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Finally — Down syndrome children and families have a home



Published: Sun, October 18, 2009 @ 12:00 a.m.

By Todd Franko (Contact)


By Todd Franko

One in 800 U.S. children is born with Down syndrome.

Luke Neer is one, and his mom, Christina, felt completely alone when he was born eight years ago.

“You feel like you’re the only one with Down syndrome because you don’t know anyone else,” said Christina. “You feel so alone.”

Talk to other moms, and more feelings are shared.

Shock is another — especially if you’re among the many parents whose pre-delivery tests do not detect Down.

Fear, denial, confusion, sorrow, medical uncertainty ... they can overwhelm a family at birth.

For years in the Valley, there was no support network for such families.

That connection was missing.

“It’s the biggest thing to have people who get it,” said Christina. “They understand what I’m going through.”

There was a picnic in 2007 — 15 or 20 families attended, Howland resident Kelly Donadio recalls.

An article in The Vindicator brought attention to that event and the group.

Then came a 2008 charity walk, the Buddy Walk, an event hosted through the National Down Syndrome Society. The Boardman event included an appearance by actor Chris Burke of the 1990s television show “Life Goes On.”

The 43-year-old is arguably the most recognized person diagnosed with Down syndrome.

That 2008 walk led to August’s 2009 walk; 95 participating families became 200 families.

Though the Down Syndrome Association of the Valley was born, there was just no home. DSAV was run out of host families’ kitchens. Meetings took place in libraries.

That changes this week.

DSAV will open its first home Thursday afternoon — the Center for Success in Parkside Place plaza on U.S. Route 224, just east of Mill Creek Park.

The opening continues a rocket-like ascension for the group.

“We’re fortunate [in the Valley] that these families got together and have the drive and contacts to get this going,” said Dr. Elena Rossi, director of neonatology with Akron Children’s at St. Elizabeth Hospital in Youngstown.

She says there’s a gap in what the medical profession can provide families in terms of spiritual and emotional needs that come with such a newborn.

As in the case of Kelly, Rossi is often the first doctor whom mothers delivering at St. E’s meet when they learn their child has Down syndrome.

She told Kelly about daughter Marina — the fourth child for Kelly and husband, Chris.

“I was shocked,” said Kelly, who is president and co-founder of DSAV. “I did not know what it meant. The mother instincts kicked in. I was concerned about Marina and what to do for her. I don’t want my child made fun of or left out of things.”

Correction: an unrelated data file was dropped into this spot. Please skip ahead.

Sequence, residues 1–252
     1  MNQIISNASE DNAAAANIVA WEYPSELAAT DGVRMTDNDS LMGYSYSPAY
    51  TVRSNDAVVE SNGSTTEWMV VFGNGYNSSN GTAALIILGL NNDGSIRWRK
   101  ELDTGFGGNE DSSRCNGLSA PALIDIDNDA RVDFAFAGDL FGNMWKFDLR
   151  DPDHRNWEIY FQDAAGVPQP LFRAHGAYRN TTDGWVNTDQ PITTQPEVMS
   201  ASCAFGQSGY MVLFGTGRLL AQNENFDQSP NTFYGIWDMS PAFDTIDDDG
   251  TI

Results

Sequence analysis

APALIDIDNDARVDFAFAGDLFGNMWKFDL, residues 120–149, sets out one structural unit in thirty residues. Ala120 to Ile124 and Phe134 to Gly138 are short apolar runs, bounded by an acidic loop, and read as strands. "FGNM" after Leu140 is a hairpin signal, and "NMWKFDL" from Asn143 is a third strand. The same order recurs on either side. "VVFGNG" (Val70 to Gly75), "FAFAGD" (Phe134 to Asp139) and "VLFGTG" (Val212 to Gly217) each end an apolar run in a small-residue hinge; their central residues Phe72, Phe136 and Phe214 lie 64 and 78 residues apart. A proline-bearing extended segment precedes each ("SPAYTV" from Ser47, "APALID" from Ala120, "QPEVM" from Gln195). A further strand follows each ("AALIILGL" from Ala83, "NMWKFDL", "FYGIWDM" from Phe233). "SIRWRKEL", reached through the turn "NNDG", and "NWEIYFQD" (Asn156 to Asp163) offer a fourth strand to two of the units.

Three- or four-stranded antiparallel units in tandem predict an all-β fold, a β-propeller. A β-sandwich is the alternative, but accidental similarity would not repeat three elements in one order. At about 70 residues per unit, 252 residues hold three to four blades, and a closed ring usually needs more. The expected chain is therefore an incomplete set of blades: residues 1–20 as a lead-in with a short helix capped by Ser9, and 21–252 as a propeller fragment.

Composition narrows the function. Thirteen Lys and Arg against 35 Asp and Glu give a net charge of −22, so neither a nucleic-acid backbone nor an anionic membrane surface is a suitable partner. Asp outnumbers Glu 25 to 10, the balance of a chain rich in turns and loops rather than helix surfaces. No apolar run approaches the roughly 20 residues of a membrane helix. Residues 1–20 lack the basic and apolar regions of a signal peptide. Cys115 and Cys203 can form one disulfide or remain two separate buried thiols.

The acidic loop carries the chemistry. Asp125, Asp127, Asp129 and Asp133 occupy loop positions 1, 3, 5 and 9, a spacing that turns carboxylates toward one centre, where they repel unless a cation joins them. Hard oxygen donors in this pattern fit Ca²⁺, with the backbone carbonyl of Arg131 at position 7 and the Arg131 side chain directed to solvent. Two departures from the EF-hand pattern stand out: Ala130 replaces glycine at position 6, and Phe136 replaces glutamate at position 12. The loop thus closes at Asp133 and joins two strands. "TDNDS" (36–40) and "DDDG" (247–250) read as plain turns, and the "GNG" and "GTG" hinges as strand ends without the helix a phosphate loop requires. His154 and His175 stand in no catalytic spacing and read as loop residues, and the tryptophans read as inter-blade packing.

Kelly overcame her initial sorrow with this belief:

“There are no mistakes in life,” she said. “I believe this is what I am supposed to be doing in life. [Chris] and I feel like this was a calling.”

As example of that feeling is her partnership with another mom, Michele Jones, in establishing DSAV.

They both live in Howland. They have sons who are best friends. Those two best friends have younger sisters born with Down.

“These things don’t happen by accident,” Kelly said.

The pair have been a constant presence at the Boardman DSAV site, readying it for Thursday’s opening. Counter tops, wiring, desks, tables — an army of friends and family have helped out in every project.

“When I hear other [Down] groups’ histories, we’ve done in two years what other groups do in 10. It’s amazing. But it also speaks to the need that was here,” Kelly said.

Before the Donadio, Jones and Neer families, there were other Valley families with Down children. But they did not have a DSAV when their kids were growing up. But they are joining now.

“Families [are] coming alongside to help us achieve something they did not have,” said Kelly. “It’s very humbling.”

And new families keep finding them.

Michele rattles off the families’ counties and towns like a human GPS: Beaver and Greenville, Pa.; Belmont County, two counties south of here; Ashtabula County to the north; Portage County to the west.

“We’ve been able to get information and get resources, and we can bring that to the Valley,” said Michele. “But we’ve never had a footprint.

“This [building] is our footprint in the Valley.”

But getting Thursday’s unveiling completed is just the beginning. In the 10-county area they serve, there is one Down syndrome baby born every month, based on national averages, and not all are connected to DSAV.

They hope to implement a liaison program with every hospital in 10 counties to ensure families with Down babies have access to DSAV resources from the start.

“What we’re trying to get to [with hospitals] is the thought: ‘Baby — Down syndrome — DSAV,’ ” said Kelly. “It’s time-consuming and people-intensive to close the gaps.”

But from closed gaps can come new gifts.

Gifts like Luke.

“Luke has been a gift,” said Christina. “I know parents don’t think that when they get the first diagnosis. You don’t think of it as a gift.

“But if you’re around other parents of children with Down syndrome, you realize it much sooner. It’s a gift.”


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